Infrastructure Australia warns more storage capacity needed to avoid power blackouts on the road to net zero by 2050

The electricity grid will require “significant investments” in dispatchable energy storage to support a transition to net zero emissions by 2050 or risk major power outages, the nation’s independent infrastructure adviser has warned.
  1. The electricity grid will require “significant investments” in dispatchable energy storage to support a transition to net zero emissions by 2050 or risk major power outages, the nation’s independent infrastructure adviser has warned.

    Infrastructure Australia’s 2021 priorities list, released on Friday, includes several high priority ­energy proposals including expanding storage, grid-scale renewable generators and grid connections including between NSW and South Australia — a project that has stalled — and NSW and Queensland.

    Among 180 investment priorities, including a pipeline of 23 projects valued at $59bn deemed ready for a financial contribution from Canberra, IA is also pushing to develop hydrogen exports.

    “The National Electricity Market (NEM) will require significant investments in dispatchable ­energy storage to support growing renewable energy generation and the future retirement of coal-fired generators,” IA said.

    “Introduction of new firming capacity will complement variable renewable energy sources and support the transition to the new electricity mix.

    “However, without sufficient dispatchable capacity, there is a risk of power outages and load shedding in the National Energy Market.”

    IA executive director of policy and research Peter Colacino told The Australian that new energy sources were now cheaper than traditional energy.

    “To reduce energy prices for consumers, transforming our electricity fuels will be critical,” he said. “The Australian electricity sector is an attractive place for ­private investment, however, we need to ensure we can untangle investment rules so that decarbonisation is consistently valued.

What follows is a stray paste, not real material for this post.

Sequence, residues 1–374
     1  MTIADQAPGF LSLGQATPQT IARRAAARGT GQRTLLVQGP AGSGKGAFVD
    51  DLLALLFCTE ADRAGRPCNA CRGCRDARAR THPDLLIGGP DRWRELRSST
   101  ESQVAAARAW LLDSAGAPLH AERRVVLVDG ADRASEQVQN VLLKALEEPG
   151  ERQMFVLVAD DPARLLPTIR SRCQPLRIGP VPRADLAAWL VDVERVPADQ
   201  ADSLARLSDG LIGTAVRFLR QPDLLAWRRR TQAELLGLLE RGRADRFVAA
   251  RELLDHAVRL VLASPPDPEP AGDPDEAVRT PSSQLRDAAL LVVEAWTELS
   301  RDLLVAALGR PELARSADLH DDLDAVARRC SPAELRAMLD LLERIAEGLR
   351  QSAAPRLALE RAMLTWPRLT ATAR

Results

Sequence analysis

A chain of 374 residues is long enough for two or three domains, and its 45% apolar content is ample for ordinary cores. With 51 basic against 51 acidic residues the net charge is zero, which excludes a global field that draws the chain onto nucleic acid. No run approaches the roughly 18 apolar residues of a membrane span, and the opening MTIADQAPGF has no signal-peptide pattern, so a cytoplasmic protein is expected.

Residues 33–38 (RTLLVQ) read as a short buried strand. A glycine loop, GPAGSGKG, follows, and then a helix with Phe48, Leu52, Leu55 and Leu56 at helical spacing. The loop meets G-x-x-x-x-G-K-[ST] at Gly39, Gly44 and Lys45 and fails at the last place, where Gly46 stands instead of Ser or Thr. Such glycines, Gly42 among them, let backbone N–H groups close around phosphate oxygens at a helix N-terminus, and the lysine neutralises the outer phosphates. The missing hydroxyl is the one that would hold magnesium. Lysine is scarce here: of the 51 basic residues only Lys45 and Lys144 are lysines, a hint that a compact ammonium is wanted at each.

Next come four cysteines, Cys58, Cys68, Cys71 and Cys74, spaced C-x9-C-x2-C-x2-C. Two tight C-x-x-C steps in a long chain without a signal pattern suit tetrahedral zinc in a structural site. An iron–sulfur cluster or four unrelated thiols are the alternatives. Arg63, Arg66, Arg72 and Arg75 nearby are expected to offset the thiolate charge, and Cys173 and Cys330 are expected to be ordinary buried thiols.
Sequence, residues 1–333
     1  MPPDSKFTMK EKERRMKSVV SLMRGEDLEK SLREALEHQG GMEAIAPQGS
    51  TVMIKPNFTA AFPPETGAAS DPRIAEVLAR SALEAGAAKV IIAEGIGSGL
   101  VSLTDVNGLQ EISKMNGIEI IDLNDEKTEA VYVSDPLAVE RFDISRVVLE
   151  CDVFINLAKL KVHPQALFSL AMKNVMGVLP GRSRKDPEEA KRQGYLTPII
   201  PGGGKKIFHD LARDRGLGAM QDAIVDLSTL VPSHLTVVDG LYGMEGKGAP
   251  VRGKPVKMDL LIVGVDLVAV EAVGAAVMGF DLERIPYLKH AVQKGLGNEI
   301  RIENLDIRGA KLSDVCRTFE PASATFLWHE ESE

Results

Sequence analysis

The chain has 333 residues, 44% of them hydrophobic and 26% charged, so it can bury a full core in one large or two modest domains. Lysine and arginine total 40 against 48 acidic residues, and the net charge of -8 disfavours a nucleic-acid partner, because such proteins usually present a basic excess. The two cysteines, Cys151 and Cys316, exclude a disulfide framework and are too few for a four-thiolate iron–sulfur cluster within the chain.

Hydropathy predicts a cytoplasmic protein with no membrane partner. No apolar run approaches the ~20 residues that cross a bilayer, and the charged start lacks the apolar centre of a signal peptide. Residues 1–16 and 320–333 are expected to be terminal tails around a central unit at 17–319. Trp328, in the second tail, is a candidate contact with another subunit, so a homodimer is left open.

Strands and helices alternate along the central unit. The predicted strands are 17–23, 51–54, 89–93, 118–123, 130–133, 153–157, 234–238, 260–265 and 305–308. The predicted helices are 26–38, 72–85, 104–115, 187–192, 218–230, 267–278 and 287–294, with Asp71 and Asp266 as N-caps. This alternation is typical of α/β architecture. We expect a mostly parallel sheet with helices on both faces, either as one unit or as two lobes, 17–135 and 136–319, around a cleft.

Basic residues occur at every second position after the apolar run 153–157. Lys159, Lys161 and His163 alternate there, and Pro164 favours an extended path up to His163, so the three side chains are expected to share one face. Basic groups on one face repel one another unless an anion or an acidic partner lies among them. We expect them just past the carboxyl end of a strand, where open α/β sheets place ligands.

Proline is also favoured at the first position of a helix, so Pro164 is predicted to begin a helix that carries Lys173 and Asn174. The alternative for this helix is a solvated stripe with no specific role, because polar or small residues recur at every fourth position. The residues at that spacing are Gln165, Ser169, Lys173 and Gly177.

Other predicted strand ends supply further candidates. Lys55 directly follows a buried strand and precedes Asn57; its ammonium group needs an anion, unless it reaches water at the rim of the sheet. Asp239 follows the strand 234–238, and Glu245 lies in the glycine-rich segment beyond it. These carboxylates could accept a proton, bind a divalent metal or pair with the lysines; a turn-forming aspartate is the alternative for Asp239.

“The policy settings around ­investment to unlock renewable zones need to modernise and be consistently applied. As well as supporting decarbonisation, renewable energy and hydrogen will create employment and economic activity in our regions.”

    Scott Morrison has said Australia should get to net zero emissions “as soon as possible”, and preferably by 2050. Nationals MPs have warned of the “complete destruction” of regional towns under a net zero target

    Every state and territory has committed to net zero by 2050.

    Anthony Albanese said he would enshrine a net zero emissions by 2050 target in legislation if Labor won the next election.

    IA’s priorities report said new storage options range from large-scale investments, such as utility-scale pumped hydro, to smaller battery storage facilities.

    “It is likely that a diverse mix of technologies will be required to support the NEM,” IA said.

    As well, the NEM would ­require “significant new grid-scale renewable energy generators to replace retiring thermal generation facilities”.

    The Australian Energy Market Operator has forecast more than 26 gigawatts of new grid-scale ­renewables will be required by 2040. AEMO said most of this would be met by 35 Renewable Energy Zones. IA says that could require either expansion of existing zones or new ones.

    Mr Colacino said the “current focus for transformation of the electricity sector needs to be on transmission and firming to complement renewable generation, as well as on the distribution grid to support roof top solar and empowered consumers”.

    “Beyond electricity, the role of hydrogen both supporting major industry onshore and for export are significant national opportunities for Australia,” he said.

    “A clear infrastructure needs-assessment for hydrogen, supported by targeted investment, is needed to catalyse the sector. On hydrogen, (Chief Scientist) Alan Finkel looked at regional production hubs and the energy transformation, and Australia is very well placed. It’s not exclusively a regional opportunity, but places with established heavy ­industry like Townsville, Whyalla and Wollongong lend themselves to hydrogen initiatives.

    “Australia is already a major energy exporter, however, hydrogen is part of the mix of new ­energy exports that will first complement and then displace lignite and coal. If we are to maintain our leadership as an energy exporter, we need to be ahead of the technology curve.’’

    Mr Colacino said progress on the Morrison government’s Technology Investment Roadmap was critical to embed more sustainable construction practices, a ­renewed focus on energy ­efficiency and catalyse the electrification of transport.

    Source: The Australian